Federico Camerin (1989), city planner, obtained in 2014 an Inter-University-Programme Graduate Degree in “City and Environment: planning and policies” which included a European postgraduate degree in “Planning and Policies for Cities, Environment and Landscape” at Università IUAV di Venezia (Italy). awarded in 2014-15 and 2016-17 with two “Urban Planning” fellow research grants at Università IUAV di Venezia (Italy), double PhD degree (2020) within the European Joint Doctorate urbanHIST awarded by UVA Universidad de Valladolid-ETSAV Departamento de Urbanismo y Representación de la Arquitectura (Spain) and Bauhaus-Universität Weimar-Fakultät Architektur und Urbanistik (Germany).
My research interest focuses on the European city-making process starting from the late XIX century onwards, the dismissal-regeneration of military real estate assets, mega events and urban transformation, and the role of star-architects in the built environment management. Nowadays, I am also interested in solutions and strategies tackling urban inequalities to uphold the recent “right to the ‘healthy’ city”
The thesis concerns a work of urban history intended not to describe the city but rather to interpret it. By doing so, I have interpreted the city by means of the role played by the so-called ‘great property’ in the European city-making process during the last three decades of the 20th century, specifically focused on the concrete case of military properties in Italy. I have also considered the role played by other kinds of great properties, i.e. industries and railway, which previously acted in the production of the built environment in a different way respect to the military one. As all of them have as common denominator the fact of being ‘capital in land’, I analysed great industrial and railway properties in order to extrapolate a methodology which helped me to interpret the relationship between military properties and city-making process in Europe in the late 20th century.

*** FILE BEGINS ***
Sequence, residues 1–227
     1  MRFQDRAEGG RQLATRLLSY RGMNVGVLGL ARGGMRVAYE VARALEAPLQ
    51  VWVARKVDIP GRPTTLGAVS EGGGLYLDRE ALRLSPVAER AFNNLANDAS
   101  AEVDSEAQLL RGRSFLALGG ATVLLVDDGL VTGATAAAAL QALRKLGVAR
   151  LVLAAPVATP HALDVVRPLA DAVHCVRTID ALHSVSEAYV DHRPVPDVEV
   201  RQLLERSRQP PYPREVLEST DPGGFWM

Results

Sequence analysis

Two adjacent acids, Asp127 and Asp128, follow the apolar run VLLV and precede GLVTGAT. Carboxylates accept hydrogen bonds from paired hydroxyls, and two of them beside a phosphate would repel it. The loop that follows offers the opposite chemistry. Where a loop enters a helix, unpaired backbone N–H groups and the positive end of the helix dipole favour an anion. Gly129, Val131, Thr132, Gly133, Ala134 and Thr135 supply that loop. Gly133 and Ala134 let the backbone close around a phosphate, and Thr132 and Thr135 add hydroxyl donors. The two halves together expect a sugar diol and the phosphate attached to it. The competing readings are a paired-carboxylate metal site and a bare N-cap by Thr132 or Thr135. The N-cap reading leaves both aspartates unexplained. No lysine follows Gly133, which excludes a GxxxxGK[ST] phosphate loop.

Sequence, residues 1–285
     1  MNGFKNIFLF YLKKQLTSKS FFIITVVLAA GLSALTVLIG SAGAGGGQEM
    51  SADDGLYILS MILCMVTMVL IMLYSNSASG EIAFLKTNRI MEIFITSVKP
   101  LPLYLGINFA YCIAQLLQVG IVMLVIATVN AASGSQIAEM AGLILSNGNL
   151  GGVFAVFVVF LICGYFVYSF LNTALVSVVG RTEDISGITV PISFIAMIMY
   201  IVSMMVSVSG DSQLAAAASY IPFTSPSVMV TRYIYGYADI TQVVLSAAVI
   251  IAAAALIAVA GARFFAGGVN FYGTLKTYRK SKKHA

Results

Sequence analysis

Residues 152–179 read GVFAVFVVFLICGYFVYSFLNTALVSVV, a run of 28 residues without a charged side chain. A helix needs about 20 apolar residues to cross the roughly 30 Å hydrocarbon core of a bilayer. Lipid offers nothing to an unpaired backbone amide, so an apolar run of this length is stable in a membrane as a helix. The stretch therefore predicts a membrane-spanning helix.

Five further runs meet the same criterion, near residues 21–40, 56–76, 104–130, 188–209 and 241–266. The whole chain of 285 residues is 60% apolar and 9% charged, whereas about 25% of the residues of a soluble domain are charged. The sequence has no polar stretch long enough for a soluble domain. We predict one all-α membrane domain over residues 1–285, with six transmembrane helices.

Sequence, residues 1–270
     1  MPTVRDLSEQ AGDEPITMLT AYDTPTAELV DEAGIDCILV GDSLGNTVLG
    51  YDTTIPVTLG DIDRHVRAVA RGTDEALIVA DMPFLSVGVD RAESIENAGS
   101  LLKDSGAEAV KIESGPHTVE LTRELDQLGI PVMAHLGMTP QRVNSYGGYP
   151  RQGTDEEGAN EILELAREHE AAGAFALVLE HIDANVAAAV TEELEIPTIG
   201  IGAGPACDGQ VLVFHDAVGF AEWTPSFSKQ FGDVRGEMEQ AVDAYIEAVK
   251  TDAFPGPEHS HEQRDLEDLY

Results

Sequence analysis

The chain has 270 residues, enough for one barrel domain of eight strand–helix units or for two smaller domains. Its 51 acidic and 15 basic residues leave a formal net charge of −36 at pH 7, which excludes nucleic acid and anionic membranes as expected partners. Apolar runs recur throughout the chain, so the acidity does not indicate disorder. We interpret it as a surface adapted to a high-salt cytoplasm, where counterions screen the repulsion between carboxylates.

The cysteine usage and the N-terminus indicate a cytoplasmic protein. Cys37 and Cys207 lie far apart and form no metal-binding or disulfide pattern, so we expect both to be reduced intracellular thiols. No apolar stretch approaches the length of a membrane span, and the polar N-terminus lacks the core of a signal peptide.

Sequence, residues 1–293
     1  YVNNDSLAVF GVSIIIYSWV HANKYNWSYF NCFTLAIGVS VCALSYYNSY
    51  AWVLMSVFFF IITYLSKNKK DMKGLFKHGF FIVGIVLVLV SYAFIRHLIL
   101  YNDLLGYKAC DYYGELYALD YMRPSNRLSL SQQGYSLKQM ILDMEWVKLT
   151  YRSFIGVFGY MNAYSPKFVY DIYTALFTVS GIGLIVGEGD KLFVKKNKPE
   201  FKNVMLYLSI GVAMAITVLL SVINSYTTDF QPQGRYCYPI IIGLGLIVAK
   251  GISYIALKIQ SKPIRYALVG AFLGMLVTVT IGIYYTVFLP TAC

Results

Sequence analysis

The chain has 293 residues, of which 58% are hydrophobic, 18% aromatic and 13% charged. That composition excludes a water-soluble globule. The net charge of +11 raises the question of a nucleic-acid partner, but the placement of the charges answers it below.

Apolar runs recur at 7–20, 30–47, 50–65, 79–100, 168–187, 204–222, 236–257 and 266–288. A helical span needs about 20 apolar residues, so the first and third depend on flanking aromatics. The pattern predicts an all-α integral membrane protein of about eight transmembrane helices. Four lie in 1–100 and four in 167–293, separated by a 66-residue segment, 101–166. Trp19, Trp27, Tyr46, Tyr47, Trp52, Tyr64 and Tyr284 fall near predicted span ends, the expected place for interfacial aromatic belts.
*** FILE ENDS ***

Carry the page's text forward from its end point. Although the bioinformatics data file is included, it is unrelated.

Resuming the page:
I have analysed the relationship between the capital in land and the city-making process on the ground of the understanding the interrelation between the great property, the urban development, and the agents involved in the urban and territorial planning. Here I have showed that urban planning is not the decisive factor influencing the city-making process, but instead the power held by the capital in land. I have found that is the great property the trigger of the creation of new ‘areas of centrality’ intended as large areas for consumerism. As far as the role played by great property is concerned, I have also discovered that it has evolved over time. Originally, industrial and railway properties have been regenerated into a wide range of new profit-driven spaces; successively, I have found out that most of the regeneration of military premises aimed to materialise areas of centrality. The way of interpreting this factor has been based on focusing my attention on the military premises in Italy: I have classified their typology when they have been built and, most importantly, when they have been regenerated into new areas of centrality.